Kick Away Knee Pain
It’s time to highlight the Breaststrokers!
Did you know that ~85% of breaststrokers will experience at least 1 episode of knee pain in their career? Moreover, breaststrokers also show a ~70% higher incidence of MRI abnormalities compared to same age controls.
This is because the forces that the knee endures during a breaststroke kick are torsional and/or valgus (medial knee gapping) forces by nature. While the knee is physiologically capable of torsional and valgus movements, they should only occur in small ranges and not repetitively. Being a hinge joint, the knee primarily moves forward and backward, such as in a flutter or dolphin kick. Such is the case, it makes sense that the knee would be more susceptible to injury in breaststrokers as it is generally always moving outside of its standard physiological planes of motion.
Moreover, having sufficient hip rotation is vital to creating power during the breaststroke kick. In fact Dr. Gary Hall points out that “for every additional degree of internal rotation in the hip, [he] estimates that propulsion from the kick increases by 5-10%.” This is because internal rotation enables a swimmer to create more “surface area of the instep during the propulsion of the kicking motion, while keeping the knees relatively close together.” This means less stress on the knees AND more force generation. A win-win situation.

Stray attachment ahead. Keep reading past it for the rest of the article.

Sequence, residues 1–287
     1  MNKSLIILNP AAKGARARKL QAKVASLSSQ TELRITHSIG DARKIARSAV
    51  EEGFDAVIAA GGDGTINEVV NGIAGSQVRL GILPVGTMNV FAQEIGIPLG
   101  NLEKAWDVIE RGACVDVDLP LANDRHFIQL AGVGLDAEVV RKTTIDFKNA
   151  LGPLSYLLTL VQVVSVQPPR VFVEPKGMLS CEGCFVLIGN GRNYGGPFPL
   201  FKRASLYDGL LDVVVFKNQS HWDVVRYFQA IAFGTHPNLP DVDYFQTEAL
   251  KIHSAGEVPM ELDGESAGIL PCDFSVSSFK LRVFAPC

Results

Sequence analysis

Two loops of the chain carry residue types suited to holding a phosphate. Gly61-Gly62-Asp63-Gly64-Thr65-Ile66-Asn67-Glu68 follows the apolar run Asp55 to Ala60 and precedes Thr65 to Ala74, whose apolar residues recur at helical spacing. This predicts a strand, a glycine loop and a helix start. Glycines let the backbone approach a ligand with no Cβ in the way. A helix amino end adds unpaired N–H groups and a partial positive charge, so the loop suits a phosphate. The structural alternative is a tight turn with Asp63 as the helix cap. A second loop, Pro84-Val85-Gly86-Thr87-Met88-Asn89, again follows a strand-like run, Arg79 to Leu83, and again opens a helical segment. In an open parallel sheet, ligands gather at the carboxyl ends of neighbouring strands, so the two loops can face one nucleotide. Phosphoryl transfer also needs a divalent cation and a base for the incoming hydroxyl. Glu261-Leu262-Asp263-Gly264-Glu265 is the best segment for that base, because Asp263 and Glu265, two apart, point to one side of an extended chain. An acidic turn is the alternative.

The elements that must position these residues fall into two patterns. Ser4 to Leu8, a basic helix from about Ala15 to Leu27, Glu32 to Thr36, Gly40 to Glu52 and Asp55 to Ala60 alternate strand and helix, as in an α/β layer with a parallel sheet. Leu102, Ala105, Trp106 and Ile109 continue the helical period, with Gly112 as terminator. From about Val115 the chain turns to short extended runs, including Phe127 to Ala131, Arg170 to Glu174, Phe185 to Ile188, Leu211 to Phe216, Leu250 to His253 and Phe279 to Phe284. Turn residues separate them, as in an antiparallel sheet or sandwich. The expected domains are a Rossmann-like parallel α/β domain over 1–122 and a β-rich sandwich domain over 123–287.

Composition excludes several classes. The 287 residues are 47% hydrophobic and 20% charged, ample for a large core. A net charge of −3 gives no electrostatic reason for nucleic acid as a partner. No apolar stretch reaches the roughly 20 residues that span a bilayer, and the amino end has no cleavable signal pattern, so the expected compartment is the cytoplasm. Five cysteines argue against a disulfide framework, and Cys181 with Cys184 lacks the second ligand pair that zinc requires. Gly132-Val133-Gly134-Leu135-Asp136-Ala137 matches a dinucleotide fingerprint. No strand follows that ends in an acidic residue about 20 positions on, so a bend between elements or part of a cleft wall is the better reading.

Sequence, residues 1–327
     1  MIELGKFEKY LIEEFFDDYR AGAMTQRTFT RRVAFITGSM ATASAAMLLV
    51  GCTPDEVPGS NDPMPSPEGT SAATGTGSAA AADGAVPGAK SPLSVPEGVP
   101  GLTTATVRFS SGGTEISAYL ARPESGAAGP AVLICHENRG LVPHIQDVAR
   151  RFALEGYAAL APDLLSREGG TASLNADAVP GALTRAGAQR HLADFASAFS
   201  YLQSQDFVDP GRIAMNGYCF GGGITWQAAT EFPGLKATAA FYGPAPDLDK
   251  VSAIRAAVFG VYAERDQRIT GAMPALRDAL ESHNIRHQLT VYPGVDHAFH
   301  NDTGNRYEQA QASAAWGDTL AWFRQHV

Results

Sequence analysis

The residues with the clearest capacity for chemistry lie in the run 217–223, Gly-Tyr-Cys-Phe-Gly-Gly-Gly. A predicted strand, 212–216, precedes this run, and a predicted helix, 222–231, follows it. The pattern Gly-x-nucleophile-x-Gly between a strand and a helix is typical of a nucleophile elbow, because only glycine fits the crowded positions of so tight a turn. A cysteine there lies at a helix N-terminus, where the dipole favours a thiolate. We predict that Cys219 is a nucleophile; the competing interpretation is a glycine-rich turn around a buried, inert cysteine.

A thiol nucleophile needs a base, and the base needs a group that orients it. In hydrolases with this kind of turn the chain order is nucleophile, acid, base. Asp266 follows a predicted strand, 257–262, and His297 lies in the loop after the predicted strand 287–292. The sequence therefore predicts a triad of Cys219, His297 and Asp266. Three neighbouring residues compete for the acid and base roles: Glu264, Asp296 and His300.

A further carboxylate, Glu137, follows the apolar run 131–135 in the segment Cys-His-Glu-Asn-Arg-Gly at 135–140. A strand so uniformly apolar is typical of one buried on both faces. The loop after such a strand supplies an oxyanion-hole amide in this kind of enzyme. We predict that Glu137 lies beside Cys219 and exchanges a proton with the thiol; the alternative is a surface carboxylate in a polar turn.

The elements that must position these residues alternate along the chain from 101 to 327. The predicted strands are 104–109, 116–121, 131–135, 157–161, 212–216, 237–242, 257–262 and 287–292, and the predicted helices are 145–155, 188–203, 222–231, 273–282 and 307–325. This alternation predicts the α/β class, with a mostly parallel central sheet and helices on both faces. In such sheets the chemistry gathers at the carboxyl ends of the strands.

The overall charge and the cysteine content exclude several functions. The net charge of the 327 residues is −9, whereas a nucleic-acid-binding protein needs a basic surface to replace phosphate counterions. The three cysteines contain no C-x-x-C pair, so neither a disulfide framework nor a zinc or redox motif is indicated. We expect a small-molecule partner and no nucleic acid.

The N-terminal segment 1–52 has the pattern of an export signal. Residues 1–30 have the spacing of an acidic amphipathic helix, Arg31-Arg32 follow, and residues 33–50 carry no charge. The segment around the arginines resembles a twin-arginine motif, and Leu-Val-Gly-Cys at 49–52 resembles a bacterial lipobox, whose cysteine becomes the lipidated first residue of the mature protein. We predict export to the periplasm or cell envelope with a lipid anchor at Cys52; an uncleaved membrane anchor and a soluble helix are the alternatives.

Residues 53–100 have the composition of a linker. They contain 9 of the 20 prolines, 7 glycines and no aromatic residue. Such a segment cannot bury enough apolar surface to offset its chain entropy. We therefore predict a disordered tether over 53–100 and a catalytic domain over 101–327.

Therefore, more often than not, to actually fix the knee issues we must also address any underlying rotational hip issues. Which is to say, the knee is often the victim of the hip! Gaining range of motion and strength at the hip combined with relearning proper kicking patterns are a great place to start to kick knee pain away!
Seeing a physical therapist is a great place to start when it comes to addressing the actual issues that plague your performance.
Thanks for reading!
Dr. Jacob Reynolds PT, DPT – Physical Therapist
Board Certified Specialist in Orthopedic Physical Therapy
Wanivenhaus F, Fox AJ, Chaudhury S, Rodeo SA. Epidemiology of injuries and prevention strategies in competitive swimmers. Sports Health. 2012;4(3):246-51.